AUDITEUR

Blythe

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Racism, patchy writing, and trigger warning: rape

Au global
2 out of 5 stars
Performance
4 out of 5 stars
Histoire
2 out of 5 stars

Évalué le: 2020-01-08

I would probably have liked this book a lot more if I'd read it as an early teen. By the time I was over about 16, I think the extremely dubious biology errors would have put me off somewhat. And as a full adult I can also see a lot of innate racism embedded in the book, intended or not, and find it harder to overlook the author's very patchy writing style too.

First of all, it's the story of a blonde, blue-eyed homo sapiens child who loses her family and clan in an earthquake and is rescued and raised by the eponymous clan of homo neanderthalis. She is described as stronger, taller, smarter, and (to the reader) clearly prettier also than all the poor primitive neanderthals, and through the book manages to invent or deduce a highly improbable number of inventions/discoveries from better hunting techniques to genetic theory. The author's choice to specifically make her a blonde, blue eyed Aryan ideal and repeatedly call this out in contrast to the neanderthals consistently described as short, dark, and primitive is unpleasant, whatever the conscious intentions were.

The biology ranges between questionable and ludicrous. I could manage to suspend disbelief at the highly dubious and unlikely claims that neanderthals have some kind of inherited genetic tribal memory so they're all born with the memories of their ancestors, but at one point the author states that neanderthals have reached a point where they stopped learning new things because it would make the race's heads even bigger if they kept learning more, and therefore babies would be harder to give birth to. THAT'S NOT HOW THIS WORKS.

And then the author's writing style overall is very annoying. She alternates between stream-of-consciousness type writing from the characters' point of view, which sounds like patronizing baby talk, and weird forced exposition interjections where she dumps technical details she's clearly gleaned from the research papers and books she read. Stuff about occipital lobe developments and geological data and species differentiation, etc. Yeah, it's great you did all that background research before writing the book, but it didn't need to be decanted into the novel in quite such detail and at such random times.

I hear there's hot caveman sex in the sequel (also our amazing blonde protagonist continues to invent everything short of the automobile) but I'm not sure I can bring myself to read any more of the trilogy. There was no hot caveman sex in this book, but trigger warning for rape scenes.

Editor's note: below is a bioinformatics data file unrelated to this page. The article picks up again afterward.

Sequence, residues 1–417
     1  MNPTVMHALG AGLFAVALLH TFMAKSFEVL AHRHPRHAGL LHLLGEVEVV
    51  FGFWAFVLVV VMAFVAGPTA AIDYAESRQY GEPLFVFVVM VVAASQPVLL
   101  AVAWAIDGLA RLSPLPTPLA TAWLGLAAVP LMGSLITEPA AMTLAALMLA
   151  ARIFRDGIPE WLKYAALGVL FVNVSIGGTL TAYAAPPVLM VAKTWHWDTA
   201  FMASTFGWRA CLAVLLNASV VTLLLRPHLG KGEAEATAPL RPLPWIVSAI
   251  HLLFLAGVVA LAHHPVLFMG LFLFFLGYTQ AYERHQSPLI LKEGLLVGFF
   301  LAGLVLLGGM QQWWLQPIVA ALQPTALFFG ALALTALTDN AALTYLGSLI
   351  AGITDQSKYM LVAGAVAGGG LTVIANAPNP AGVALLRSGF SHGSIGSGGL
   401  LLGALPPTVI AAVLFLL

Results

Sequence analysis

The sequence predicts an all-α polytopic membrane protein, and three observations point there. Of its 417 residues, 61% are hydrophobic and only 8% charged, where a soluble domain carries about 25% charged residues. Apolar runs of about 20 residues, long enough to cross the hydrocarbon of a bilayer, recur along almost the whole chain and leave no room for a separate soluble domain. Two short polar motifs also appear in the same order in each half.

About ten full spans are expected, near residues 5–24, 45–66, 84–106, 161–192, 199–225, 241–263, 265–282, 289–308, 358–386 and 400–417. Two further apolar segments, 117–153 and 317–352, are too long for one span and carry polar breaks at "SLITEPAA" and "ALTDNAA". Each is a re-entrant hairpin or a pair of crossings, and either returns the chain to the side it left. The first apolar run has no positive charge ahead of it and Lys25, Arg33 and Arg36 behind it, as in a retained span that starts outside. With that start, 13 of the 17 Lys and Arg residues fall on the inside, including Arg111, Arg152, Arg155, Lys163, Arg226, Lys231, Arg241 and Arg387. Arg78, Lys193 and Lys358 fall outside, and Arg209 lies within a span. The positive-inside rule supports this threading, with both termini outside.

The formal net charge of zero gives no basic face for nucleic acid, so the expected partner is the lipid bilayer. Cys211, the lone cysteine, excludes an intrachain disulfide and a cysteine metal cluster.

2 les gens ont trouvé cela utile

Thought-provoking YA fantasy

Au global
5 out of 5 stars
Performance
5 out of 5 stars
Histoire
5 out of 5 stars

Évalué le: 2020-01-08

This is a Young Adult book, and usually when I say that, it also means I'll give the book a little more leeway for being a bit shorter, or simpler of plot, or lighter of concept, than books intended for Adults. In this case however, that's definitely not needed. Yes, it's a shorter length and a quick read; but the topics the book deals with are definitely not light or easy, and the structure of the book also is many layered and it will take you a while to figure out exactly what's going on, if indeed you ever fully do.

On the surface, it's about Conor, a kid whose mother is undergoing harsh cancer treatments. His father moved away to America and remarried so it's Conor helping his mother through the difficult treatments and illness, with some help from his grandmother. Ever since his mother's diagnosis, Conor's been having a nightmare about trying to save her from something monstrous and failing, so when a monster shows up outside his window one night he's actually very surprised it isn't the monster from his dream. Instead it's the yew tree that grows by the church nearby, which they can see from their house and which his mother often comments on. The yew tree comes alive at night and visits Conor just past midnight; it tells him it's the embodiment of an ancient power, and it will tell him three stories, and then on the fourth time he must tell a story to the tree.

Through the book we alternate between Conor's problems at school with bullies, and with classmates treating him as invisible now because they don't know how to talk to someone whose mother is potentially dying; Conor's life at home helping his mother and trying not to resent his grandmother's intrusion; and the magical monstrous yew tree and the stories it tells.

How these three reconcile themselves, what story Conor tells, and how the yew tree helps Conor are all tied together but in ways that don't fully get explained until quite late in the book. It's sweet, and touching, and very sad in places, and it may be a Young Adult novel but it's definitely appropriate for anyone of any age to read, especially anyone who's lost a loved one or seen one suffering the way Conor's mother is. This was a beautiful, slightly mystical, thought-provoking story that reminded me a little of Neil Gaiman in books like The Ocean At The End Of The Lane (in its slightly unreal setting and many layers, and references to mythology).